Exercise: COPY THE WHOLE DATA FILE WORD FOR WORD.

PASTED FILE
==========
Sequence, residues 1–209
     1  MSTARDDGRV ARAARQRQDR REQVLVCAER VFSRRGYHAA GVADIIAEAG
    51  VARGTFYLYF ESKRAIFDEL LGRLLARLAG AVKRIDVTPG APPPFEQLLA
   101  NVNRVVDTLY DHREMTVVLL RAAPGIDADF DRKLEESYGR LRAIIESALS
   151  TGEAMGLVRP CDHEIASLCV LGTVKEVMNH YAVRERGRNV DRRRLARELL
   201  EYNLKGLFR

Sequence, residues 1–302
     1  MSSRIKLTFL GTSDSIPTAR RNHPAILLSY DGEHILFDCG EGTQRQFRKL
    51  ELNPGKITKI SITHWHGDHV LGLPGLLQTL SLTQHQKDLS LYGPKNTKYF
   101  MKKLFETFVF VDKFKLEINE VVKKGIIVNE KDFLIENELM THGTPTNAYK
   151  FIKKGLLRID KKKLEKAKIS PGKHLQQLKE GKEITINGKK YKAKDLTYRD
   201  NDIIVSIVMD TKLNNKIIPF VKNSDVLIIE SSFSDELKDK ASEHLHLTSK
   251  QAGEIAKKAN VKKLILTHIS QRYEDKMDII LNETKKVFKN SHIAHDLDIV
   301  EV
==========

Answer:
Sequence, residues 1–209
     1  MSTARDDGRV ARAARQRQDR REQVLVCAER VFSRRGYHAA GVADIIAEAG
    51  VARGTFYLYF ESKRAIFDEL LGRLLARLAG AVKRIDVTPG APPPFEQLLA
   101  NVNRVVDTLY DHREMTVVLL RAAPGIDADF DRKLEESYGR LRAIIESALS
   151  TGEAMGLVRP CDHEIASLCV LGTVKEVMNH YAVRERGRNV DRRRLARELL
   201  EYNLKGLFR

Sequence, residues 1–302
     1  MSSRIKLTFL GTSDSIPTAR RNHPAILLSY DGEHILFDCG EGTQRQFRKL
    51  ELNPGKITKI SITHWHGDHV LGLPGLLQTL SLTQHQKDLS LYGPKNTKYF
   101  MKKLFETFVF VDKFKLEINE VVKKGIIVNE KDFLIENELM THGTPTNAYK
   151  FIKKGLLRID KKKLEKAKIS PGKHLQQLKE GKEITINGKK YKAKDLTYRD
   201  NDIIVSIVMD TKLNNKIIPF VKNSDVLIIE SSFSDELKDK ASEHLHLTSK
   251  QAGEIAKKAN VKKLILTHIS QRYEDKMDII LNETKKVFKN SHIAHDLDIV
   301  EV